Why are the Ghanaian youth lamenting all over? Why are we shedding tears everyday? Why are we suffering in foreign lands? Is it because our leaders are refusing to think? After reading so many pieces from the Ghanaian press on the Ghana Airways’ debacle, the alarming unemployment and under-employment rates of our youth and the MPs’ desire for automobiles, I’m beginning to have some sleepless nights over the sad state of our dear country, Ghana. I’m very perturbed and I wonder if it would ever see a stable socio-economic ecology, so as to prevent its offspring from meandering and navigating in every corner of the world in search of greener pastures.
Historically, every great society is built upon its institutions that served as pillars- the family, churches, strong communities, schools, culture and more importantly governments. But, every institution we can count on has disappointed us miserably. If one needs a barometer to gauge the state of things, all he has to do is go through Kotoka Airport and book a flight on Ghana Airways- if only your assigned seat won’t be re-sold to the highest bidder. Then one will have the clear picture of where the country is heading and the mind-sets of the average Ghanaian. From Airways to zoos, everything is out of joint. For some reasons, some Ghanaians have the empty belief that it’s much easier to panhandle for money from IMF and every source than to create our own ‘wealth’. The culture of dependency is down- rooted in our psyche. This syndrome is rampant everywhere you go in Ghana, that even the young graduate who just comes out of the Uni has aunties and nephews waiting for him to provide. It has seemingly become the normal way of living and thinking.
Amazingly, the Ghana Airways’ financial mess is a carbon copy of our mismanagement style and the poor planning of our institutions. Things are not working right, folks! So we have to retool and overhaul the entire system. The people in the realms of affair are refusing to think like intellectuals, I bet you!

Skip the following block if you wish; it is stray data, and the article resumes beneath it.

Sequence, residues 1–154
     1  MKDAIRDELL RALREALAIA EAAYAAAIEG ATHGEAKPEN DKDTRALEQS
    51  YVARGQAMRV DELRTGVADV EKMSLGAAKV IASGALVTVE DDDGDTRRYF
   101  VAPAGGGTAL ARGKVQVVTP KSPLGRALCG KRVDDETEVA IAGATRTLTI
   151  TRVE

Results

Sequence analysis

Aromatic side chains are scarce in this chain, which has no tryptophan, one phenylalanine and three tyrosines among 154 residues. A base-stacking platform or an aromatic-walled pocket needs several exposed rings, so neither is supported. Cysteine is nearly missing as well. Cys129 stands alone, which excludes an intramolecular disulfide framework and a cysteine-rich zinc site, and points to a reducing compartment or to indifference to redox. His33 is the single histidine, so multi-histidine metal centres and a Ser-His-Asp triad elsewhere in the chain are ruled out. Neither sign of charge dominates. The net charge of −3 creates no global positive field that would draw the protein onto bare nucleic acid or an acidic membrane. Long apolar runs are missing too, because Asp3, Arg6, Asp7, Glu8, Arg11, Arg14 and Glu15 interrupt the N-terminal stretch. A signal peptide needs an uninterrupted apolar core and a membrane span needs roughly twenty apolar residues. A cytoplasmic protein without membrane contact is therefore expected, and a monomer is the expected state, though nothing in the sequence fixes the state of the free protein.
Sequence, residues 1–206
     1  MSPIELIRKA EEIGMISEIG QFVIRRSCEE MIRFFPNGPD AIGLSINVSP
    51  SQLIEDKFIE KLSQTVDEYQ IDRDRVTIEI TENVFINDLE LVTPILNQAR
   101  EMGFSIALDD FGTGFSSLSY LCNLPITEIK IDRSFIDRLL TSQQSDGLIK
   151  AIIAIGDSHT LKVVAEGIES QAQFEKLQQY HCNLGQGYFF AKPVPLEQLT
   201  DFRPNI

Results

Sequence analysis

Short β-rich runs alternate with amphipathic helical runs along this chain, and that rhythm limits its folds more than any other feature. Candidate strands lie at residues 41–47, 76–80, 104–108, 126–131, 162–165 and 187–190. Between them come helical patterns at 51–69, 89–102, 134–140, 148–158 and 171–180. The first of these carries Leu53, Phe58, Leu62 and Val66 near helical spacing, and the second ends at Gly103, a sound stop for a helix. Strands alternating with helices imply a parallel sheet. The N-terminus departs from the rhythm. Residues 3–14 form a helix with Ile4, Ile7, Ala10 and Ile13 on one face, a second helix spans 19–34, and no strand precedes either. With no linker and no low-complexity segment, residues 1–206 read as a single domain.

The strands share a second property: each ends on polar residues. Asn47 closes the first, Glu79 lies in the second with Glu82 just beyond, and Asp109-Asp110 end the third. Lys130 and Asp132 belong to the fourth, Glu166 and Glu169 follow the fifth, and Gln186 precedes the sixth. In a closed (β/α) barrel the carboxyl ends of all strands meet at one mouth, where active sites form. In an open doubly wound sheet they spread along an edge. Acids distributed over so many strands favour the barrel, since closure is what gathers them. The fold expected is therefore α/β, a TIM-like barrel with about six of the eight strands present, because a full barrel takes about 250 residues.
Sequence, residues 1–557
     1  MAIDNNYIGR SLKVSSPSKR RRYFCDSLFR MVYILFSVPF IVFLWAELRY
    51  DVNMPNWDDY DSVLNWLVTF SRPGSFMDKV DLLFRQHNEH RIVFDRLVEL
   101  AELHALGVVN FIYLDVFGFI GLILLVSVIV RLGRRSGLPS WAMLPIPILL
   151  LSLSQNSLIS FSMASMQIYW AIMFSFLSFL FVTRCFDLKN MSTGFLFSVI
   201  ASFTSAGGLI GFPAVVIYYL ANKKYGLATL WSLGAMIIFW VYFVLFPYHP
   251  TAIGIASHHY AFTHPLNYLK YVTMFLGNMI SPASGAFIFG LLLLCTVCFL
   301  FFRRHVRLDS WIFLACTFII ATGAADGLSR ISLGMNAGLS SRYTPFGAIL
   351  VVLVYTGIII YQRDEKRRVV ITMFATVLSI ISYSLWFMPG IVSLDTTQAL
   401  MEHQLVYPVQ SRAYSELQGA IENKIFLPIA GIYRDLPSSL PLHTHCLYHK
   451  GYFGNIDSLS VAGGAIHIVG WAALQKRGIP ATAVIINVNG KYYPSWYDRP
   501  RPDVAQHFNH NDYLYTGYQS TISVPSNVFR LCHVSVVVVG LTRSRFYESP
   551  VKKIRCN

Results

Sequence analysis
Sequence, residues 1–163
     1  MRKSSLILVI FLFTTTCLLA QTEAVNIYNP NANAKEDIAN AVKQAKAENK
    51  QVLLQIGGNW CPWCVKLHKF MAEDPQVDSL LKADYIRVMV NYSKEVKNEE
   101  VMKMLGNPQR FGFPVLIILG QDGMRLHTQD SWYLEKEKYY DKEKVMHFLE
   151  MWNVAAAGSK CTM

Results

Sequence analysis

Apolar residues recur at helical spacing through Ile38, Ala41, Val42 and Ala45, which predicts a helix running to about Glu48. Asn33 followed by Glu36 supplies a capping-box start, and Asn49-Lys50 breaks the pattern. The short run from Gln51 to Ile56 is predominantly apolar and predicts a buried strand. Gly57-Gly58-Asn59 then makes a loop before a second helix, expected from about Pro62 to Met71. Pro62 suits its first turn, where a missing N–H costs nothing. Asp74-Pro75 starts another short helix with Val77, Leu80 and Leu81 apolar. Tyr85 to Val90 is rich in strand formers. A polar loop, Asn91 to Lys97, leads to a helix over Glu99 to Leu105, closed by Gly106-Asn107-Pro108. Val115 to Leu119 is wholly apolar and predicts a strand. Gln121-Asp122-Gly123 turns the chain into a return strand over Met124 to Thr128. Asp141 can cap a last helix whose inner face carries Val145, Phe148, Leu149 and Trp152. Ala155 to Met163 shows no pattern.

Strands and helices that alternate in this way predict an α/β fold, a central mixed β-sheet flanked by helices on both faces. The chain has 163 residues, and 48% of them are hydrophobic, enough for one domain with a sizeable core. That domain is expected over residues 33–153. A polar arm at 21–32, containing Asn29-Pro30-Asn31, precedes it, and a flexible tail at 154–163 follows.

Tragically, we entered the new millennium much the same way we’ve started every year-very much unprepared. But, we can’t do the same thing over and over and expect a different result. I hope our leadership and policy makers are aware that we live in a very competitive, instantaneous and microwave world, where today’s ideas and solutions become archaic in a matter of seventy-two hours. They soon find their way into international archives.
Frankly speaking, there is few, if any, motivation for other countries or individuals to intentionally make decisions in the best interest of Ghana. With this backdrop, it makes sense to say that we surely can’t and shouldn’t rely on others to make Ghana a better place for us. We’ve got to do it ourselves, my brothers and sisters.
Nevertheless, we live in the era when there is leeway than it has ever been in the history of Ghana. Not only the modern technology has made it possible for us to be part of the global village, but it has also allowed us to have an access to an ocean of information free of charge. And, we’re at least, very lucky to be placed on a fertile land in Africa-which allows us to grow virtually every crop in our backyards, all year around.